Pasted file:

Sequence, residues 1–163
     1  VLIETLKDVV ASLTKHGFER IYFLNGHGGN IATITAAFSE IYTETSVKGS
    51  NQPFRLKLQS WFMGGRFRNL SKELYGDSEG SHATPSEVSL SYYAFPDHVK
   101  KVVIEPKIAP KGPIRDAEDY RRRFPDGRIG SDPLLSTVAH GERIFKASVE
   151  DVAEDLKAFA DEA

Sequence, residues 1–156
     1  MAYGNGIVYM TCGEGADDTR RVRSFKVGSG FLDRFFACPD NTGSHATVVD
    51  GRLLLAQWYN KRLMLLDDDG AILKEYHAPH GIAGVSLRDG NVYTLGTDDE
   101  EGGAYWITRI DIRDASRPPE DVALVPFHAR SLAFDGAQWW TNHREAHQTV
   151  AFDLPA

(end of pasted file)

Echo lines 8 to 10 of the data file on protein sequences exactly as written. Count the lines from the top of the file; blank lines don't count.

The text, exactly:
    51  GRLLLAQWYN KRLMLLDDDG AILKEYHAPH GIAGVSLRDG NVYTLGTDDE
   101  EGGAYWITRI DIRDASRPPE DVALVPFHAR SLAFDGAQWW TNHREAHQTV
   151  AFDLPA